What are the qualifications young men and women need to have to be eligible to serve in our military? All new enlistees are strongly encouraged to have a high school diploma. Students who stay in school and graduate also tend to stay on active duty and fulfill their enlistment contract. In addition, the Armed Services Vocation Aptitude Battery (ASVAB ) is a required test that is available free to all schools. All of the branches use the ASVAB to determine enlistment eligibility and technical training qualifications. Each of the branches of service has their own interpretation of the ASVAB and each have their own qualifying scores required for enlistment and their respective technical training schools. However, students don't need to take the ASVAB for each branch of service in which they are interested. They can take the test one time and then have it interpreted by each branch they are interested in. An ASVAB Education Services Specialist can help counselors schedule a testing date and provide a test administrator (1-800-323-0513). The ASVAB is a valid and reliable assessment of aptitudes, interests and values, and links assessment results to both military and civilian occupations.

In addition to the ASVAB, students must also meet the moral qualifications for the branch in which they are interested. Police records checks, driving records checks, several personal interviews, and a national agency check are performed on all enlistees.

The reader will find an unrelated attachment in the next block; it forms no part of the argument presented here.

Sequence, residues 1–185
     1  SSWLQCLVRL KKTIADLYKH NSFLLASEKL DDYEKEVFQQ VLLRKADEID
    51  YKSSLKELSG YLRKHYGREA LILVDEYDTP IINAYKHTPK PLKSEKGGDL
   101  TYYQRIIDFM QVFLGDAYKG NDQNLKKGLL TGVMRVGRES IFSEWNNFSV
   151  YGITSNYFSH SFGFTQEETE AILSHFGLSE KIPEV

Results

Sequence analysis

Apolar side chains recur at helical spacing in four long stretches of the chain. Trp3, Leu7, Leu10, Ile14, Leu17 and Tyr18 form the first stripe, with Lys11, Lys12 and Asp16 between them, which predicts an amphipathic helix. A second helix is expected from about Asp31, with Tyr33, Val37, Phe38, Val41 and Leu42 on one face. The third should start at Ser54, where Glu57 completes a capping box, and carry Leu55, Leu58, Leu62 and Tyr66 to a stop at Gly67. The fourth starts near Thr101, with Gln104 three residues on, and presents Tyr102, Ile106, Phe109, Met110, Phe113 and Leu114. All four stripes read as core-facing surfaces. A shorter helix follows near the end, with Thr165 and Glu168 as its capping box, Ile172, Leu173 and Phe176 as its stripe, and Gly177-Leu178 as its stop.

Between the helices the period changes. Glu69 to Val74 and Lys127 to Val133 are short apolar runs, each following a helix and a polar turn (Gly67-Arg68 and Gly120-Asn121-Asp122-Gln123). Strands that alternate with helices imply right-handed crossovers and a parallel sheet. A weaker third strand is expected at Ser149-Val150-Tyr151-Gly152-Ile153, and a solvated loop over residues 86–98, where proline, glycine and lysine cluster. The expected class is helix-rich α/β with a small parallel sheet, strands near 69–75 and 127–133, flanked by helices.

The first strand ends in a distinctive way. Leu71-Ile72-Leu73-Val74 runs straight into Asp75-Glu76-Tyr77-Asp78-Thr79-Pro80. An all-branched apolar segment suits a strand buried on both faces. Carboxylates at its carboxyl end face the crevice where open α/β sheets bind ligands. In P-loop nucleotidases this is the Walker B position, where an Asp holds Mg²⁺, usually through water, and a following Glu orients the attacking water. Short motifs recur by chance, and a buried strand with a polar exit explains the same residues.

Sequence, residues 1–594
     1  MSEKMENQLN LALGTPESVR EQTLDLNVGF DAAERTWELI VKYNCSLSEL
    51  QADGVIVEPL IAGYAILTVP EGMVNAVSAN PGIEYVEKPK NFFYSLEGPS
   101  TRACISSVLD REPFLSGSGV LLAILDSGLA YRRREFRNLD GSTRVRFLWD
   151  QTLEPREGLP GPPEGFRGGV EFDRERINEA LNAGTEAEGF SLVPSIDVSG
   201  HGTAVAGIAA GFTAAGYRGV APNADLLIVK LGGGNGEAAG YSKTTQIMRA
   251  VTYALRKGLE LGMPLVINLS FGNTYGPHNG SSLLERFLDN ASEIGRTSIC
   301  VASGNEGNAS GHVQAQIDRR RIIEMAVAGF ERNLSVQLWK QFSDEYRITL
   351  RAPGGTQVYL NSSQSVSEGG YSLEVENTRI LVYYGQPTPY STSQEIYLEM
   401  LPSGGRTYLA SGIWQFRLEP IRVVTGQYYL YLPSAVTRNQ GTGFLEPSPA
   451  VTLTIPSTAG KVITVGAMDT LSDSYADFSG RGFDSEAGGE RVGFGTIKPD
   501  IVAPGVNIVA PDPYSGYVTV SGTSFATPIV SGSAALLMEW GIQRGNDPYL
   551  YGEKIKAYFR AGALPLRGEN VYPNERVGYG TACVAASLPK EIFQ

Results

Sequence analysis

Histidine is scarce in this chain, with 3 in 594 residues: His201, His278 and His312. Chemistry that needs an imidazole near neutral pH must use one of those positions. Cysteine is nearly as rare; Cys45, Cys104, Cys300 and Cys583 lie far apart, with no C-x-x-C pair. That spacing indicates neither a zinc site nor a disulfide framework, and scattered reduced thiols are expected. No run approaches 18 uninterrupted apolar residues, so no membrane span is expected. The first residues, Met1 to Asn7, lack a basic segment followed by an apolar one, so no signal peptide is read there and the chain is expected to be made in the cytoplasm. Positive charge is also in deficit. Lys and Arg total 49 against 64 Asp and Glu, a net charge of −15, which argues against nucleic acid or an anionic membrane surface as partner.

Finally, students must be physically fit. Basic training, technical training, and military service are physically demanding. A thorough physical and psychological examination is conducted at a Military Enlistment Processing Station (MEPS).

Helping Students Get More Information

Finally, how can you help students to get more information? The Internet is an excellent tool for researching the different branches of the military and obtaining some preliminary information. Some potential websites include:

However, being an old recruiter myself, there is no substitute for talking to a recruiter. They will have all of the current information and criteria for their branch of service. Students shouldn't be afraid to approach recruiters and ask them "real" questions. I always enjoyed talking to students, explaining the Air Force to them and talking to them about the benefits of military service. Of course, in that career role, I wanted to sell young people on enlisting, but I didn't want someone to enlist who didn't really want to serve. I knew they probably wouldn't make it through basic training if it wasn't a career option they really wanted and in which they were motivated to succeed.

Invite your local recruiter to come and talk with you. Interview them. If the recruiter gains your trust and confidence, you will feel more comfortable referring your students to them. Set up a panel of recruiters from all of the branches and let them come and speak to interested students who want more information about military enlistment. Finally, view the military as one of many career possibilities for your students. The strategies suggested here may better facilitate your students exploring enlistment in the military as a possible career path.

Daniel R. Van Hoose, M.A., is the Assistant Director at the University of South Florida Career Center. He served 21 years on active duty, including tours in Turkey, the United Kingdom, Florida and Missouri. Then he attended the University of South Florida on the G.I. Bill and earned a Master of Arts degree in Counselor Education. He can be reached at dvanhoose@admin.usf.edu